if the woman suffers from a life-threat-
ening condition, such as severe heart
disease, chronic kidney disease, or can-
cer, especially of the breast or cervix.
If a serious fetal abnormality is discov-
ered, for example severe developmental
defects (such as
anencephaly)
or chromo-
somal abnormalities
(such as
Down’s
syndrome),
the parents may be offered
the option of a termination. Abortion
may also be recommended if the mother
contracts
rubella
(German measles) dur-
ing early pregnancy.
HOW IT IS DONE
Early abortion
Up to the ninth week of
pregnancy termination may be induced
by treatment with a combination of two
drugs,
mifepristone
and a
prostaglandin
drug.
These
end
the
pregnancy
by
inducing the uterus to contract and
expel the embryo and the placenta; the
process usually takes at least 48 hours.
If this drug treatment is unsuccessful, a
surgical termination will be required.
Until the 12th week, pregnancy may be
terminated by vacuum suction curettage
performed under either a general or a
local anaesthetic (see
anaesthesia, gener-
al
;
anaesthesia, local
). The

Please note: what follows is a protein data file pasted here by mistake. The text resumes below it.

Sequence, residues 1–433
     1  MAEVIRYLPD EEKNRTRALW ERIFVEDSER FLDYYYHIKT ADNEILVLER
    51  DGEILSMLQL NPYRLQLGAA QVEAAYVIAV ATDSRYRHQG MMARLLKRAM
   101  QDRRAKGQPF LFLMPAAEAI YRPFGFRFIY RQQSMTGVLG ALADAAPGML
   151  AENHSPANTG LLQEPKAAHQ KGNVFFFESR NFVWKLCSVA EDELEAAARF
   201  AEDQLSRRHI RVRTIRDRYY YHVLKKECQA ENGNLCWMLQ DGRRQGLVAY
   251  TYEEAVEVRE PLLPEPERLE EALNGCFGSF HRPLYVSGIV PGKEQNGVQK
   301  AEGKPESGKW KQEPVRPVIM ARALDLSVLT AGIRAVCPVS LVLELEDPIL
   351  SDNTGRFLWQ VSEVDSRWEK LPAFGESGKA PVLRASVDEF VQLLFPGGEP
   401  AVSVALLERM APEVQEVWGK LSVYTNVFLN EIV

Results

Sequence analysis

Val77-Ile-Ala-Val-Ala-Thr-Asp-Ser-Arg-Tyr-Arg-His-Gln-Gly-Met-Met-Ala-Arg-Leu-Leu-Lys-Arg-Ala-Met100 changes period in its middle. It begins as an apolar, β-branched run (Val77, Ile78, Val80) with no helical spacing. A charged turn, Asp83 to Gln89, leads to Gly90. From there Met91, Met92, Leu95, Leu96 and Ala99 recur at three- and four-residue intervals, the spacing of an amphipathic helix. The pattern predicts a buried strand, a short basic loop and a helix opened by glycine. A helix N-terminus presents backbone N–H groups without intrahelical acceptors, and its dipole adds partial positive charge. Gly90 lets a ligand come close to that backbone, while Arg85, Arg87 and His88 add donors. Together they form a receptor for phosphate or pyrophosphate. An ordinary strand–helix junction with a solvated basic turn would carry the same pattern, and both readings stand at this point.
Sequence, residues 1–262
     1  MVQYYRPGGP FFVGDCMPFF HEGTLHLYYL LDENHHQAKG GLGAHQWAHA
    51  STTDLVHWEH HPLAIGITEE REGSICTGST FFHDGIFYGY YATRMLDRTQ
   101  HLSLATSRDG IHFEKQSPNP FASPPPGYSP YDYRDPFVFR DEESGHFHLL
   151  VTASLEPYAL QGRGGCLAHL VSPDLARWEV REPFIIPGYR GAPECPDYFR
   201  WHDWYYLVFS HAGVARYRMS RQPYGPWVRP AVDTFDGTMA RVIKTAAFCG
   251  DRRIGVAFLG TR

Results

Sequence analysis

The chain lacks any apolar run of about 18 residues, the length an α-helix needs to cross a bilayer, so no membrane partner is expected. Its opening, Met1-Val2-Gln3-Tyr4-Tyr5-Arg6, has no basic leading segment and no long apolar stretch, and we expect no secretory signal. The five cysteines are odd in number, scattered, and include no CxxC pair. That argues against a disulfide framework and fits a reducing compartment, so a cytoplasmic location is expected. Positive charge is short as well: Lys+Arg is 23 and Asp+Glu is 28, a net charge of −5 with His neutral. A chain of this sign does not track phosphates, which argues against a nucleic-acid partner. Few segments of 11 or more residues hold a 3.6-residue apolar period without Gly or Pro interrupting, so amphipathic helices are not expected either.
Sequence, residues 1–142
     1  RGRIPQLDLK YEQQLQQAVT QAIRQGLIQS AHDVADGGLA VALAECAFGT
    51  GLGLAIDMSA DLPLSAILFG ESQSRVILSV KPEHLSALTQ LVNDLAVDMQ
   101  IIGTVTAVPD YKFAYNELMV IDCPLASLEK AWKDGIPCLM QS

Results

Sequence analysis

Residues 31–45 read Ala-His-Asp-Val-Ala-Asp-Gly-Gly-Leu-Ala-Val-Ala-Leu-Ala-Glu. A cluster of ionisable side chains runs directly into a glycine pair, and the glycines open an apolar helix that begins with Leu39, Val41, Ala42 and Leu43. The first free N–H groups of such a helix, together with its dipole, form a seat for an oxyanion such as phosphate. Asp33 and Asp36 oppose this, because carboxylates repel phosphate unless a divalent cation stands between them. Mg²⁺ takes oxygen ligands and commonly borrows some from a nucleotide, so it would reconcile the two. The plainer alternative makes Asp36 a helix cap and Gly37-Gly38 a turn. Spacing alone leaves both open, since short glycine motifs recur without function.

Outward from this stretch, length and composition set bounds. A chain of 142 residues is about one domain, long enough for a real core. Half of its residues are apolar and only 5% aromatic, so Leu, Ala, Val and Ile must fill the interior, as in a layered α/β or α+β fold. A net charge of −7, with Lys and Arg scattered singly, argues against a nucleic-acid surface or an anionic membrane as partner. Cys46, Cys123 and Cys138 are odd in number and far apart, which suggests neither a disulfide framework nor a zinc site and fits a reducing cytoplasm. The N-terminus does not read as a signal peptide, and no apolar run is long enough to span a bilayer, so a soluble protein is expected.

cervix
is
dilated with curved metal rods and a
thin plastic tube is inserted into the
uterus. The tube is connected to an
apparatus that sucks out the fetal and
placental tissues.
Recovery is generally fast, although
strenuous activity should be avoided for
several
days. There
is
usually some
bleeding, and occasionally mild cramps,
for up to a week. Menstrual periods
typically return four to six weeks after
the termination. Sexual intercourse can
be resumed after two to three weeks.
Late abortion
Between the
12th and
15 th weeks of pregnancy, either the
suction procedure used in early abor-
tion or the evacuation procedure may
be recommended. In the evacuation
procedure, which is routinely perfor-
med after the 15th week, the uterus is
forced to contract so that the fetus is
expelled, as in natural labour. Contrac-
tions are induced by oral administration
of a dose of mifepristone, followed 36
to 48 hours later by the introduction,
high into the vagina, of a prostaglandin
hormone
pessary. The
prostaglandin
medication may need to be repeated for
the contractions to be maintained.
It usually takes from 12 to 24 hours
for the fetus to be expelled using the
evacuation procedure,
during
which
time the woman is given
analgesic drugs
(painkillers). She usually remains in
hospital for up to 48 hours after com-
pletion of the termination in order to
be monitored for complications.
COMPLICATIONS
If termination is performed by a quali-
fied gynaecologist in a well-equipped
clinic or hospital,
complications are
rare. Infection, resulting in a condition
called
septic abortion,
or serious bleeding
occasionally occur. Repeated termina-
tions
may
increase
the
risk
of
miscarriage
occurring in subsequent
pregnancies; but a single termination is
unlikely to affect future fertility. (See
also
complete abortion; habitual abortion;
incomplete abortion
.)
abrasion
Also called a graze, a
wound
on the sur-
face of the skin that is caused by
scraping or rubbing.